Enter your email address:

Delivered by FeedBurner

feedburner count

Wednesday, May 20, 2009

What does OPEC fear?

Wednesday, 20 May 2009

OPEC members will meet again May the 28th to discuss about the future of oil prices and their forthcoming actions. The majority of cartel members seem to be satisfied with the current level of oil prices, as the level of $55-$60 per barrel during a severe crisis is acceptable, and, at the same time further rise of the price of oil could hammer the efforts for the revival of world economy . The possibilities of a new production cut are minimal, and the most likely development is a more tight compliance with current quotas. Ali al Naimi, Saudi Arabia’s oil minister and without a doubt the most powerful among OPEC officials, has already said that that the current price is just unfair under the current circumstances.
But, what are the reasons that could make OPEC members fear another slump in oil prices and reaching again the levels of $32.40 like last December?
The first and main threat is low demand. The International Energy Agency (IEA) has predicted fuel consumption this year would be 2.56 million barrels per day less than last year. OPEC and the U.S. government's Energy Information Administration have also lowered their demand forecasts. Potentially providing some support, the U.S. summer driving season is about to begin, although gasoline demand has so far been below last year's levels. The arbitrage shipments that traditionally head from Europe to the United States around this time of year have been slow to get under way.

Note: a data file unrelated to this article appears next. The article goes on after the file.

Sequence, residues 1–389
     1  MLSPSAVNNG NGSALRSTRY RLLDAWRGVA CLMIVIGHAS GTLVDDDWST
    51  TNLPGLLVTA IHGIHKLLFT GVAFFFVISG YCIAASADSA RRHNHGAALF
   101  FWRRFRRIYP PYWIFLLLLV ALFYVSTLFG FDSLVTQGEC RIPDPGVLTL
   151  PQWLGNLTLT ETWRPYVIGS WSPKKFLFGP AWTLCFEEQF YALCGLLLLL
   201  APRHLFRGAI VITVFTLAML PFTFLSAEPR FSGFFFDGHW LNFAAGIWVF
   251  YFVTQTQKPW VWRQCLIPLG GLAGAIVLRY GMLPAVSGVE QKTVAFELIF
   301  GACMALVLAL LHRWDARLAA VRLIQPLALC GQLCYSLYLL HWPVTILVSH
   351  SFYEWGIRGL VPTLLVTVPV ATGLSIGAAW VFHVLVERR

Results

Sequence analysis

The second reason is the increase of world and especially U.S inventories, something that is in connection with falling demand. Weak demand has generated huge stockpiles of refined products and unrefined crude not just on land, but also at sea.Crude inventory levels in the United States have reached their highest levels for 19 years. In addition, well over 100 barrels of crude and refined products are estimated to be stored in super-tankers. Traders have taken advantage of a weak market structure and cheap freight to buy up oil now and store it on ships. This has had the effect of depressing the front end of the curve and perpetuating a deep contango -- or structure in which prompt crude contracts are cheaper than those for later delivery.
Another threat is speculators. Although the return of speculators to the market is more probable to sent the prices higher, oil producers don’t forget that last December's slide to the lowest oil price for nearly five years coincided with a massive deleveraging by some market players. Still some investors never left, while others have crept back in, but cautiously. Moves into commodity markets have mirrored an upward trend on equities.
Analysts say equities could have recovered too quickly and commodities such as oil, which have experienced an unusually close correlation to the stock markets, could find themselves chasing them back down again.
From an investor viewpoint, commodities' traditional benefits of being an inflation hedge and a means to diversify a portfolio are not valid for now. Inflation is not yet an issue and the current trend is for all asset classes to move upwards together.
Finally, OPEC has to fear itself, as the higher the prices are, the higher is the temptation for its members to begin cheating on current quotas and make the oversupply problem worst.
Makis Theodoratos, Hellenic Shipping News